Establishment of a single supervisory commission is expected to bring greater efficiency and transparency to financial regulation.
The new cabinet-level Financial Supervisory Commission (FSC) started operations on July 1, creating a central independent regulatory body to oversee all financial institutions. The purpose is to improve regulatory efficiency, transparency, and coordination, and to eliminate the potential for conflict of interest when a government agency is both the referee and a stakeholder in a public-owned institution. In addition, the establishment of a single regulator reflects the trend of convergence in the financial-services industry, as shown by the change in legislation in 2001 allowing Taiwan's banks and insurance companies to be merged into financial-holding companies.
The commission is being formed by combining several existing organizations: the Ministry of Finance's Bureau of Monetary Affairs, Department of Insurance, and Securities and Futures Commission, plus the Central Bank's Examination Department. The FSC will have some 900 employees, with policy set by a nine-member board of financial experts. The government has hired Kong Jaw-sheng, a 49-year-old former banker with Credit Suisse First Boston who most recently headed the state-owned Taiwan Sugar Corp., to be the chairman. His solid professional background has helped reinforce confidence in the new commission.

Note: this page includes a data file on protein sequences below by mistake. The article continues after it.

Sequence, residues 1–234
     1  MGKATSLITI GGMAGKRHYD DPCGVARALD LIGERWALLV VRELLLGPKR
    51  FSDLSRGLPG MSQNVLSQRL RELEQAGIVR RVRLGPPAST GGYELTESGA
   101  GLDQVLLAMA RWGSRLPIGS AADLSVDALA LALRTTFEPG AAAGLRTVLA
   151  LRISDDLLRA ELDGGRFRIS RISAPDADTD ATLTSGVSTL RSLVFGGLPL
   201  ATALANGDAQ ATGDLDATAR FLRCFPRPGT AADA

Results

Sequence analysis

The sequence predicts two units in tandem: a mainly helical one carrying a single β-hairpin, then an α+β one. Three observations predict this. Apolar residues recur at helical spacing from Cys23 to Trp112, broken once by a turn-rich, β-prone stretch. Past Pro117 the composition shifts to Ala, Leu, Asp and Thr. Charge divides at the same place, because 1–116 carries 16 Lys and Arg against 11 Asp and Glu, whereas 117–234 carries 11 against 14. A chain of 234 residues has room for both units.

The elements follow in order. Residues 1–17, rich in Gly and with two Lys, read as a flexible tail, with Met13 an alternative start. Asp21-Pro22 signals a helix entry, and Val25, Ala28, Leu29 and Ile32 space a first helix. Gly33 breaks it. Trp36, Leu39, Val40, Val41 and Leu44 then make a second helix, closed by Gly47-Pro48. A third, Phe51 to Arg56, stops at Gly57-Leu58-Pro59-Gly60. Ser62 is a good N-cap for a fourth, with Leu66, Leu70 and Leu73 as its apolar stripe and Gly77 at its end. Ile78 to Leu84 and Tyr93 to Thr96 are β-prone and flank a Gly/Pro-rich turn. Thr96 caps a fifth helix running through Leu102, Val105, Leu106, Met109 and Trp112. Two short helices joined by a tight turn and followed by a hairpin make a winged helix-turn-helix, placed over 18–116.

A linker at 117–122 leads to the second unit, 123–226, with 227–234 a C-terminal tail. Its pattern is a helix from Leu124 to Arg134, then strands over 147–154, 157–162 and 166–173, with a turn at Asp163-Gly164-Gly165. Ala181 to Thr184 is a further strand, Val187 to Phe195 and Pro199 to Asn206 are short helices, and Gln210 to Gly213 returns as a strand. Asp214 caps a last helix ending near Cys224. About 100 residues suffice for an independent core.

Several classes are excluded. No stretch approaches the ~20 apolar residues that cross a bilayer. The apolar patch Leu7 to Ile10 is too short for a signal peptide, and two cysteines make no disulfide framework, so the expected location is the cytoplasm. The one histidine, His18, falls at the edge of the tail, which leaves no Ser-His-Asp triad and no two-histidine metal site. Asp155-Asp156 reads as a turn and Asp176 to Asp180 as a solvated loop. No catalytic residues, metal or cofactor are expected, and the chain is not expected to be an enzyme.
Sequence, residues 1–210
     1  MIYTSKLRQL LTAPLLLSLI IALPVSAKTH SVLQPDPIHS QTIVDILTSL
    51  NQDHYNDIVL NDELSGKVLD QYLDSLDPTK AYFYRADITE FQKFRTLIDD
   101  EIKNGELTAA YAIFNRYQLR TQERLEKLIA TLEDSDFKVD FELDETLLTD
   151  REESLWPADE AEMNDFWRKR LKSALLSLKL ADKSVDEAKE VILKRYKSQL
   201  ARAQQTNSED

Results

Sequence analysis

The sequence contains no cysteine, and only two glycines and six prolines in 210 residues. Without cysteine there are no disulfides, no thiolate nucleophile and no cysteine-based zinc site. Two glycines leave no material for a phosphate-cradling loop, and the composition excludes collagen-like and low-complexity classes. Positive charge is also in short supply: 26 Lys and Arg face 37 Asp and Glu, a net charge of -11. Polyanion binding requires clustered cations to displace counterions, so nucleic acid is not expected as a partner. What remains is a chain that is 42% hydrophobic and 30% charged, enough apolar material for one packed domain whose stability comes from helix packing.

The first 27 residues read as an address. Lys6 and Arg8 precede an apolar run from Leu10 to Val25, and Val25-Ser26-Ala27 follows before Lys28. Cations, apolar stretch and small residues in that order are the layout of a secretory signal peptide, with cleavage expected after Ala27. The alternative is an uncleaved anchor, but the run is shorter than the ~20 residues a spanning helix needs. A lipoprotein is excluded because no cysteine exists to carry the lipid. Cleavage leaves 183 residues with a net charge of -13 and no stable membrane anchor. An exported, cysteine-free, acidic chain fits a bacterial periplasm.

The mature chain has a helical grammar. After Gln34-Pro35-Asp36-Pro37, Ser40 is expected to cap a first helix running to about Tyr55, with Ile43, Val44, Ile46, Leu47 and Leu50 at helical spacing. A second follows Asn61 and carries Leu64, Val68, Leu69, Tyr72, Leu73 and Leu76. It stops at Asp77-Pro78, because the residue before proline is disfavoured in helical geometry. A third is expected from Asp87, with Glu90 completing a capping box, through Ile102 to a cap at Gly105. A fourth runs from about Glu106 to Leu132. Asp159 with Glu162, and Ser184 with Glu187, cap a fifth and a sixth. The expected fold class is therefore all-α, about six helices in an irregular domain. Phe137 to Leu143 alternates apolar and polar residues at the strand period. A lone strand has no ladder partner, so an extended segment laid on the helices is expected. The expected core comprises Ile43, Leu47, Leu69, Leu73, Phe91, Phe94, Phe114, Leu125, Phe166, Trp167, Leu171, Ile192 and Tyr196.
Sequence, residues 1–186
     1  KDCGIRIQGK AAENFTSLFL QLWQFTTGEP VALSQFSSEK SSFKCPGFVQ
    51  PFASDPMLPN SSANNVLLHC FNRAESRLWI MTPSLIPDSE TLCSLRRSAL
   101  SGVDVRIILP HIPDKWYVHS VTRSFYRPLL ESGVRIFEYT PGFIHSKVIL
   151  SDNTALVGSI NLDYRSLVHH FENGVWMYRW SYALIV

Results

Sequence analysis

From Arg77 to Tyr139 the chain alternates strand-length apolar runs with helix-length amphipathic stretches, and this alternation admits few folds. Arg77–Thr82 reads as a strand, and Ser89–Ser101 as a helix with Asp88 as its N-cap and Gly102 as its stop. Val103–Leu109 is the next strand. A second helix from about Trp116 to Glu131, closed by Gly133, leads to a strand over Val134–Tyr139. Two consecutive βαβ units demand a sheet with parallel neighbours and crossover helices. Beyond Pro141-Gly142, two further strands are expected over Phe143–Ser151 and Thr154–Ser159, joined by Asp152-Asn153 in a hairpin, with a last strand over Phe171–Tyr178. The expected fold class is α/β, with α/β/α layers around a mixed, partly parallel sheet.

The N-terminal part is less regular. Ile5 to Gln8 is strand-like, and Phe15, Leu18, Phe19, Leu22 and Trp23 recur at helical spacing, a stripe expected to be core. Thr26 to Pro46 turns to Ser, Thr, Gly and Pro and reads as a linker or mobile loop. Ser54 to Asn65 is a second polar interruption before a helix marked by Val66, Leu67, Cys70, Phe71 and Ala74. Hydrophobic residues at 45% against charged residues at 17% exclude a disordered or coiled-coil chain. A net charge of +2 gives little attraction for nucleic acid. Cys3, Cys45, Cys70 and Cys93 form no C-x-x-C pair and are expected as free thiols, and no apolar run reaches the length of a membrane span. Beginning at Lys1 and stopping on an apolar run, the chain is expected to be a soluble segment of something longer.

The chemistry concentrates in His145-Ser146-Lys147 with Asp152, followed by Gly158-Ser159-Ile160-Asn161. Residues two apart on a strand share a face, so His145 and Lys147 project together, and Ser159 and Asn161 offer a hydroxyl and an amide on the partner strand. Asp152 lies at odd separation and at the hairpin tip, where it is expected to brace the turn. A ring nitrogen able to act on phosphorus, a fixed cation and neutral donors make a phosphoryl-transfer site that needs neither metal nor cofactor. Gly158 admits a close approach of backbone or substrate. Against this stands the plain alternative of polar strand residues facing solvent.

At the inauguration ceremony, Kong vowed to build Taiwan into a financial services center for the Asia-Pacific region. He said the commission would strive to remove unnecessary restrictions in the industry, relying on supervision rather than control, and promoting greater self-discipline by the financial institutions. Among the commission's top priorities, Kong said, are to make it possible for China-based Taiwan businesses to be listed on the Taiwan stock market and to enable Taiwan's banks to set up branches in China. Other major tasks include the continued encouragement of mergers among financial institutions, further development of the bond market, enhancing Taiwan's attractiveness to foreign institutional investment, and promoting innovation in insurance products and the effective use of mid- and long-term capital in the insurance market.
William Bryson, co-chair of the AmCham capital markets committee, says that establishment of the commission should contribute to improving regulatory coordination by putting all regulators under one roof. "Coordination will be more unified and consistent, so you won't run into competition or conflict between regulators," he says. "It will help financial liberalization in Taiwan and hopefully attract foreign investors to assist Taiwan to become a financial center."